It does show the danger of structuring institutes finances to be highly dependent on these students instead of regarding their fee income as the icing on the cake and some ethical commitment to cultural enrichment rather than pure income generation. Successive Govts and Immigration are also culpable for encouraging this behaviour and in the Govts case underfunding Universities & Polytechnics for decades.

Might have to cut back on the 5 million dollar Parnell mansions?

Yeah right. Well, that would only be the equivalent of 200 international student fees = the 5 million VC house.
Interestingly, salaries of mid level managers, analysts through to senior execs at these public institutions are double,triple, quadruple ++ of the academics.

University of Auckland has more admin staff than academic staff (teachers). Pretty soon, the number of admin staff will be more than students. lol..
5 million dollar VC house is just the beginning.

Yes and I can tell you that the educational institutes here in Auckland do not pay their lectures a decent salary.

Massive impact in AU universities already, slash and burn fully underway. Are NZ universities, different, cushioned, or just a bit slower?

No they're slashing and burning too, just a bit more hush hush about it. Like letting all the part-time lectures and a lot of the admin staff go. I know some lectures who are having to fill in on the reception desk (between class) because the institute made some many of their admin staff redundant.

Yes, beginning of next year, that's when we will see the impact...

The effects of the lockdown will ripple down to the beginning of 2021 and even beyond if no vaccine is approved safe.
Kabza De Small

Shoebox apartments were never a good idea. IMO they are all about greed, and trying to make as much from as small a space as possible. IMO if they were larger, they would have been suitable for homes for NZers.

We have a city Apartment listing coming to us soon, I have previously sold this unit twice, and for a great price, unfortunately I think this market will create a different market dynamic for our seller.

Good! The adverse outcomes for city centre living these shoeboxes have created, is shameful. When you build for a transient population and not for the people that actually live here and want to live in the city (close to jobs, close to city life, good PT...) then you block out a massive chunk of housing supply. Thus creating the issues we have today where people don't consider apartment living, with the rents of a ~32sqm (2000s era) or even 1-bd being roughly equivalent to a house with proper rooms outside of the city. This adds to the view that apartments aren't comfortable to live in, meaning there isn't an increased push for better development in the city/city fringe of good quality apartments because Kiwi's just don't consider them an option. And the price of new apartments that are livable for Kiwi's come with such a high price tag, driven in part by a limited supply of good quality apartments due to these increasingly decrepit shoeboxes taking up such prime space. So if they fail, good - lesson learned. Maybe we'll actually get a shift in strategy to build for the people that actually live here (no matter who they are) and an option to quickly add housing supply in places that aren't 1.5-hour drives away.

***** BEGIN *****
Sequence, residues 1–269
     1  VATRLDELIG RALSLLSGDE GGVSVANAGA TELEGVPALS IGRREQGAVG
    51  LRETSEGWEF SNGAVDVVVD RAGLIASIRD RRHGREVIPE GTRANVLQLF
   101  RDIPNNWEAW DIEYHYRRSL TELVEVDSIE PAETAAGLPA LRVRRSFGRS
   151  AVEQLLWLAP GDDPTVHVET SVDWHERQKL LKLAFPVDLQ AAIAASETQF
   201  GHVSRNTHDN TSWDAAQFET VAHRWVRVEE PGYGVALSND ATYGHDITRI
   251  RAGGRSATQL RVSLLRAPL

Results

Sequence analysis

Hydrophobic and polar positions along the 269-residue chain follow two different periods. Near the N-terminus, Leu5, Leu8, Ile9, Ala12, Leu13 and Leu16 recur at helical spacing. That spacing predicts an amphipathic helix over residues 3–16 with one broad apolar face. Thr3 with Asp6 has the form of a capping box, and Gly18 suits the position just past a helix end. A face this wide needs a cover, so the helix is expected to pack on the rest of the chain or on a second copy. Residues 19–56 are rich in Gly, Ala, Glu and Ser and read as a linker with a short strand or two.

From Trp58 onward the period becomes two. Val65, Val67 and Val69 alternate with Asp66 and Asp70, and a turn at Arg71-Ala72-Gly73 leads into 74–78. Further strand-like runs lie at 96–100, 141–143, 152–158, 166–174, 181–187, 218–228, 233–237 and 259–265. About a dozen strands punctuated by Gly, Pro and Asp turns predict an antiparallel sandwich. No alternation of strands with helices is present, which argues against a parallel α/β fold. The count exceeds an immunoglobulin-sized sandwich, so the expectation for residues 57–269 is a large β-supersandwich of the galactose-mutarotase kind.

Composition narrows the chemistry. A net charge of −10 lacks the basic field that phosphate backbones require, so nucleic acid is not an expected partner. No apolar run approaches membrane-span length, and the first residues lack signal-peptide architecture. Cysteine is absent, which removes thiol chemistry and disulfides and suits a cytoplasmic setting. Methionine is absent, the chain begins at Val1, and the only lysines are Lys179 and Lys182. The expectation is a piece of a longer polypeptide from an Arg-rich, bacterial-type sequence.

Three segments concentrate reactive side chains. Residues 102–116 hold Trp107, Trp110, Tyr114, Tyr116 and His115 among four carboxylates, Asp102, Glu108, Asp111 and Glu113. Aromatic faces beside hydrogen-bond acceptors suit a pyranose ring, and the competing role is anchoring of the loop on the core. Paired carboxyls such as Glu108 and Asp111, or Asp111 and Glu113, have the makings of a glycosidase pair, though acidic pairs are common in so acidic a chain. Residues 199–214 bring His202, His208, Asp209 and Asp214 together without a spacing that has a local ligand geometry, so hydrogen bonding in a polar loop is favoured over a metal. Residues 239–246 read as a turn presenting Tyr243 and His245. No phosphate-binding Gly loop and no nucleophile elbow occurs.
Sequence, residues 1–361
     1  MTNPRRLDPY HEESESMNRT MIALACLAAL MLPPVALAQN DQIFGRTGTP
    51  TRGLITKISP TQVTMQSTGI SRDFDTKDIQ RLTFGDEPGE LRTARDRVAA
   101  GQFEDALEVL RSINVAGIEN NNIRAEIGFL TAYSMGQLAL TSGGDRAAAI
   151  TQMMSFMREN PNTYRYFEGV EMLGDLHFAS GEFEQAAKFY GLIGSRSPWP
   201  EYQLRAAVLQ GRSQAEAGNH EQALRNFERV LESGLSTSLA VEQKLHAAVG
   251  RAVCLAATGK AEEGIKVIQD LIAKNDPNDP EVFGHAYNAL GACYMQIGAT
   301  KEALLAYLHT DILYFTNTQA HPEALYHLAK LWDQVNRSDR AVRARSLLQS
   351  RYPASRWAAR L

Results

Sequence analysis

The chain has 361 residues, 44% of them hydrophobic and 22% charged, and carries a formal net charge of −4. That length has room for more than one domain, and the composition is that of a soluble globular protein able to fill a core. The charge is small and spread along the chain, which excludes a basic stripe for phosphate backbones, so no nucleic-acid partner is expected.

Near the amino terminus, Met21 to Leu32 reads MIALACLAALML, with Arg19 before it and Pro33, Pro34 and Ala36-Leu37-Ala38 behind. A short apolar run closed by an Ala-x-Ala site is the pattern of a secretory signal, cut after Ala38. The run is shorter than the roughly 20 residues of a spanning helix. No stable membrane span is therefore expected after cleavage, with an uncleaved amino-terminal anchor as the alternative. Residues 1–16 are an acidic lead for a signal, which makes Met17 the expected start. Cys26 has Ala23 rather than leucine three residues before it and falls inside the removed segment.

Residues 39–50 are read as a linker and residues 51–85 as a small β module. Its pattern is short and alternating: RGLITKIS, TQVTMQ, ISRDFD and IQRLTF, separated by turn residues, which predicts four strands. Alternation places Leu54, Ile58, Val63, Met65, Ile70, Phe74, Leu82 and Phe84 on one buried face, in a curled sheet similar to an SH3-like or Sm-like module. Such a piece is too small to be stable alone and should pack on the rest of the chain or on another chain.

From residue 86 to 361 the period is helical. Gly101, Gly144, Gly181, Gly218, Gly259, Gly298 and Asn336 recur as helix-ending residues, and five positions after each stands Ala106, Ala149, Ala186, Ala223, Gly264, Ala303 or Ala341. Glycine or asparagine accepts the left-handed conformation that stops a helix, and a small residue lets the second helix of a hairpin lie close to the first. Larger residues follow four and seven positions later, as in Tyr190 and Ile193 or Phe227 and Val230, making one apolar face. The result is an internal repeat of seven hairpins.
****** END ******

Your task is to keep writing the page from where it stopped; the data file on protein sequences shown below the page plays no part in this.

Personally I see international students as a net positive for the average kiwi as long as their time here is not used as some type of pathway to residency once their study time is up and it's time for them to return home. Same goes for migrant workers, we need them but we also need to ensure that the end of the road ends right back where it started; their country of origin.

One of the main reasons why international students invest so much in getting education abroad is that they are seeking work and residency once they graduate in their new overseas country. Sadly all too often, some of these students expect to just to be able to pay for their degree and are not bothered about actually doing the study work.

Well, that’s not the way the system works. Most international students study here primarily to receive the post study work visa etc. If you removed that incentive then the tertiary sector wouldn’t get the enrolments, other than a few German etc students studying for genuine reasons - global or cultural experience.

Readjusting our wage thresholds and residency point system higher will also reduce the flow of international students into NZ.

The current setting send a wrong message that NZ is open to accept anyone who is skilled enough to beat our median wage in as much as 3 years following graduation. We're not exactly aiming for doctors, software developers and engineers with the wage threshold at minimum wage plus $7 an hour.

MortgageBelt....then that being the case, IMO overseas students are a massive net negative on most NZ born kiwis (especially our young) and their lifestyle should be protected by altering "the way the system works" sooner rather than later. OFC this won't happen any time soon as it seems the powers that be are determined to prop up the property market at all costs and the immigration club is one of the most effective tools at these tools disposal.

Yes it's not just the shoebox student residence that are at risk, a lot of educational buildings are now at risk of closure. I know of several central Auckland campus that have merged and closed down other educational units due to the lack of international students. That also means further redundancies for admin staff.